Edited by Joel Topcik -- Broadcasting & Cable, 6/11/2006 8:00:00 PM
The Oscar for Most Brand Appearances Goes To…
We're still wondering how Crash beat Brokeback Mountain for best picture. So we can imagine how Bruce Davis must have felt to learn that ABC's Oscar Countdown upset The Price Is Right for most “brand appearances” in primetime.
Davis, executive director of the Academy of Motion Picture Arts & Sciences, was perplexed by a May 31 report from TNS Media Intelligence measuring first-quarter ad expenditures.
According to TNS, the one-hour Oscar pre-show contained 31:28 minutes of brand appearances, or product plugs—a good three minutes more than a primetime edition of Price (a show that is unabashedly all about brand appearances).
But Davis insists that the academy goes out of its way to limit commercial “clutter” and plugs. It even spent $136,000 to avoid any inadvertent plugs.
“We spend prodigious amounts of money every year covering the commercial signage at Hollywood and Highland, so that shots from the red carpet don't become a festival of background product placements,” says Davis.
Turns out TNS counts the nominated films themselves as brand appearances.
Jon Swallen, TNS' director of research, says the company uses a consistent metric that includes references to movie titles and clips featured in montages.
“We are not making a value determination,” Swallen says, “but taking an objective look at programs and cataloguing where we see brand appearances.”
At least they don't count the actors.
Did a family drama erupt in the middle of a Wall Street Journal article last week?
Luke McCormick, a young staffer at video-sharing site Bolt.com, was featured in a June 6 Journal story concerning “Hazy Monday,” a video that he and Bolt colleague Geoff Gresh had produced and posted to the site.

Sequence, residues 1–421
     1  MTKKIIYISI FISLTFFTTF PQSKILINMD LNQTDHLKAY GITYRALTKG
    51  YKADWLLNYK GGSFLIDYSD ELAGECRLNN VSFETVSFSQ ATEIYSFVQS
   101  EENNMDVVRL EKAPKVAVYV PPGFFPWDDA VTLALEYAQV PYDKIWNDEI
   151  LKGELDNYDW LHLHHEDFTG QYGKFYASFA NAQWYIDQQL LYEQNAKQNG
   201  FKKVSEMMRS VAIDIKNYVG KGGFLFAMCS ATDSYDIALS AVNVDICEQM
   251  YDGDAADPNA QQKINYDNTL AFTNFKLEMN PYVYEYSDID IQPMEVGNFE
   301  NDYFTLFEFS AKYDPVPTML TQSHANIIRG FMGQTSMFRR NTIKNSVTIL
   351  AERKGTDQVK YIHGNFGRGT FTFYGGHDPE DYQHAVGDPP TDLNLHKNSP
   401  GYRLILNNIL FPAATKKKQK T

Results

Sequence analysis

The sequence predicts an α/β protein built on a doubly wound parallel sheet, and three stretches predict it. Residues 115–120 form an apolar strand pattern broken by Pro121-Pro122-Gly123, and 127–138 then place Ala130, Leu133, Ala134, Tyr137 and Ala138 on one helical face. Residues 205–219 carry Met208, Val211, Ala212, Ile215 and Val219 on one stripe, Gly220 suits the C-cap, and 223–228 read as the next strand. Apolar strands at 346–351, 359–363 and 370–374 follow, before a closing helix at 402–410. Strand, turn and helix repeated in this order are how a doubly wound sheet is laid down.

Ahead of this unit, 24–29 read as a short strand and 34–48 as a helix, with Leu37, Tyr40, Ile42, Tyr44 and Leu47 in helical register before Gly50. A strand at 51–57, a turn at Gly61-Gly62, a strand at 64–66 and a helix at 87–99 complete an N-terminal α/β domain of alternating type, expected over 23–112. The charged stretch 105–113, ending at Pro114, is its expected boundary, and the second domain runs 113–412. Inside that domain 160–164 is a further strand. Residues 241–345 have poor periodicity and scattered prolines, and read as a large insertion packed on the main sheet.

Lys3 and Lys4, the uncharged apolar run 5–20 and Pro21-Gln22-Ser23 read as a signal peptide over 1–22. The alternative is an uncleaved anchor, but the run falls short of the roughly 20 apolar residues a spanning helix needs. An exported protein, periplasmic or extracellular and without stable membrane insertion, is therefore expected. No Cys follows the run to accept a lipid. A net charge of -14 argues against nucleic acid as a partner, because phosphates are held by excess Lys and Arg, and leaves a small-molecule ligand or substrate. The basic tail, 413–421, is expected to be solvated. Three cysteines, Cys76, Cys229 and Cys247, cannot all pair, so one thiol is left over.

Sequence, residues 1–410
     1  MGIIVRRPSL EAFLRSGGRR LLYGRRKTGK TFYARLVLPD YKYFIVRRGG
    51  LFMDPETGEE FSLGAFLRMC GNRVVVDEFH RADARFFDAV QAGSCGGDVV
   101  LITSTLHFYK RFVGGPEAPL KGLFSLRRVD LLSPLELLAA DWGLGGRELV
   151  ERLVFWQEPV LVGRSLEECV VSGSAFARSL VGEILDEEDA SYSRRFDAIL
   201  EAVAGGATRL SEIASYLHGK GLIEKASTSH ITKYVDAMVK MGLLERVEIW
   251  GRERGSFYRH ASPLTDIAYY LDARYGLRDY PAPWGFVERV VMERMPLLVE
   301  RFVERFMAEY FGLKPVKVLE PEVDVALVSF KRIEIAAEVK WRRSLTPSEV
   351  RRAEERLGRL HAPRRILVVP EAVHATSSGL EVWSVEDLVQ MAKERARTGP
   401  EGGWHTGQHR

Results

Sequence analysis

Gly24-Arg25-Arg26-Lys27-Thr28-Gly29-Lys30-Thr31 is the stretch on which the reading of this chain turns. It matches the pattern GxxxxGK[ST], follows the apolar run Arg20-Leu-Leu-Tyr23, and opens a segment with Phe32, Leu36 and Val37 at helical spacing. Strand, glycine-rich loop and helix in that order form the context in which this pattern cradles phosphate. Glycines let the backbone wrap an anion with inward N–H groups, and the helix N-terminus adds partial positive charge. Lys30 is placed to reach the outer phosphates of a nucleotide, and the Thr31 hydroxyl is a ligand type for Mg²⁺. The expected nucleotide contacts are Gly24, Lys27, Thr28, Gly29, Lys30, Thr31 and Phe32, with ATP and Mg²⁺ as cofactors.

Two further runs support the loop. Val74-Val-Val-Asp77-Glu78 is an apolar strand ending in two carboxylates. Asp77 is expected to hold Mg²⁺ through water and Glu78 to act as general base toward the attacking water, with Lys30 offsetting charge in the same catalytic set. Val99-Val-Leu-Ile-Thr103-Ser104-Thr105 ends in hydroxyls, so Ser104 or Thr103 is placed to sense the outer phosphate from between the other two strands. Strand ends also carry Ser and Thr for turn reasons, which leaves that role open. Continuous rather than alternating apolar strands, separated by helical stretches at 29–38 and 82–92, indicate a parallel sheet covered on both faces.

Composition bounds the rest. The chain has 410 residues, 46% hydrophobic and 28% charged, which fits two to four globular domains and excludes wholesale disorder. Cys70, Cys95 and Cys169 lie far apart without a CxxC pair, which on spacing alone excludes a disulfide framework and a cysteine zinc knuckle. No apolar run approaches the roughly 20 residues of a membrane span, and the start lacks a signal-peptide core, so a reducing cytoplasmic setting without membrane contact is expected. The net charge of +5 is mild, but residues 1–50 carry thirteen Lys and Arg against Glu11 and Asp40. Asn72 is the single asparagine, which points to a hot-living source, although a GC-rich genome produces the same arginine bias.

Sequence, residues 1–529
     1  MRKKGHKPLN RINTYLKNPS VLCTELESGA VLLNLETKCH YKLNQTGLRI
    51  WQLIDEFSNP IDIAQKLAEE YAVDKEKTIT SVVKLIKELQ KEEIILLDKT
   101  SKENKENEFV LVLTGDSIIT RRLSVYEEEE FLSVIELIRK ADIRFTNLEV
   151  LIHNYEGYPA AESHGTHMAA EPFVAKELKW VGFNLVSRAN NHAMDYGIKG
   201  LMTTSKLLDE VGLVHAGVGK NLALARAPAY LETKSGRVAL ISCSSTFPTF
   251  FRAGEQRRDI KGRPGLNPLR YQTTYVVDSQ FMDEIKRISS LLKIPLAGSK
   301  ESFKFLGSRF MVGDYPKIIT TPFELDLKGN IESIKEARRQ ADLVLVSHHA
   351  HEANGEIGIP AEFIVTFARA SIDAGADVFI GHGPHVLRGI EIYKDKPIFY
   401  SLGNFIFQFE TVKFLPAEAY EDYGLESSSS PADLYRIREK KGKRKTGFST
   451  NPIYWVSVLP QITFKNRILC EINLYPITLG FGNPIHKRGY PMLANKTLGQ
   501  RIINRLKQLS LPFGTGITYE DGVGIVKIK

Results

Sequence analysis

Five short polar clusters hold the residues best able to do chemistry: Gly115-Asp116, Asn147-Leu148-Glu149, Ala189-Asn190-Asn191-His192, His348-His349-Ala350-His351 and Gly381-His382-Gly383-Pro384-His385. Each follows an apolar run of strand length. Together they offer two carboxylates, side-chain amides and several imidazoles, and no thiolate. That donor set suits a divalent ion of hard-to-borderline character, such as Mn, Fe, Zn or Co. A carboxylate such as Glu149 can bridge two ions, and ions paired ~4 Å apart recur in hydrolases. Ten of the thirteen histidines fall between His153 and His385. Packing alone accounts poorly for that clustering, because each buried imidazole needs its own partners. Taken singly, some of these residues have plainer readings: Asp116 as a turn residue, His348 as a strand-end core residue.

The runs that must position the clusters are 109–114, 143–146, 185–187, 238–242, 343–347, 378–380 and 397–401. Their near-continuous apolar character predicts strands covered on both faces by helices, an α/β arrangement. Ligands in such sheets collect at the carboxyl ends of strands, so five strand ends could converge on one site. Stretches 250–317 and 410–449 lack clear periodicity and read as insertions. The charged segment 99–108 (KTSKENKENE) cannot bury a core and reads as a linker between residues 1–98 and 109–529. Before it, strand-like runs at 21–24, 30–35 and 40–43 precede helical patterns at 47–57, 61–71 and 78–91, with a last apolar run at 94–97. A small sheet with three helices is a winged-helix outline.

A parody of the “Lazy Sunday” short from Saturday Night Live that went viral before NBC ordered sites like Bolt and YouTube to pull it, “Monday” has McCormick and Gresh rapping about downloading pirated movies.
The article quotes McCormick saying NBC's cease-and-desist orders show it “doesn't really get it” and that letting its clips go viral was “the only thing that was going to get anyone our age to watch Saturday Night Live.”
And by the way, the Journal adds a line later, McCormick's father, Doug, just happens to be an NBC Universal executive (the former Lifetime was CEO of iVillage, a recent NBC U acquisition).
Whoops? Well, no. According to an NBC U spokesperson, McCormick the Elder left iVillage in May.
And in any case, there's no McCormick feud.
“He's very proud of me,” says McCormick. “My dad's just pissed off that I got my picture in the Wall Street Journal before he did.” (Read the complete interview with McCormick the Younger at www.bcbeat.com.)
Waxing idealistic about “a media revolution that's been building steam for years,” Young Luke says his dad “understands what's going on. He's part of the revolution in his own way.”
Happy Father's Day!
Stupid TV Tricks
Imagine the pitch meeting: “Boss, we've got it! Dancing With the Stars meets David Letterman's 'Stupid Pet Tricks'! That's right! People dancing with animals—and getting judged! We're rich!”
Yes, the folks at Animal Planet must be wagging their tails over Dancing Pet Stars, a one-hour special premiering June 24 at 8 p.m. ET. Hosted by Mario Lopez of Saved by the Bell fame (and here we use “fame” loosely), the show assembles dancing clips from the network's animal-tricks show Pet Stars and ranks the top 20 hoofers.
Typically on Pet Stars, a panel of celebrity judges—including Best in Show judge Fred Willard and ex-Baywatcher Gena Lee Nolin—decides the fates of the beasts and their masters.
An Animal spokeswoman assures us that this isn't just a people dragging dogs around by the front paws. Remarking on a “jive-dancing” golden retriever, she says, “The choreography was complicated.”
We reviewed a few clips on the network's Website. We loved the kilt-wearing, Scottish-jig–dancing German shepherd. But we're setting our TiVos for the horse, of course, that does the hokey-pokey.
But does the Discovery-owned channel really expect to unleash a dancing-pet rage? “Well, there is a huge dance craze now,” the spokeswoman insists. “And it's a fun way to connect with your pet.”
We're sure the pets feel the same way.
No related content found.
No Top Articles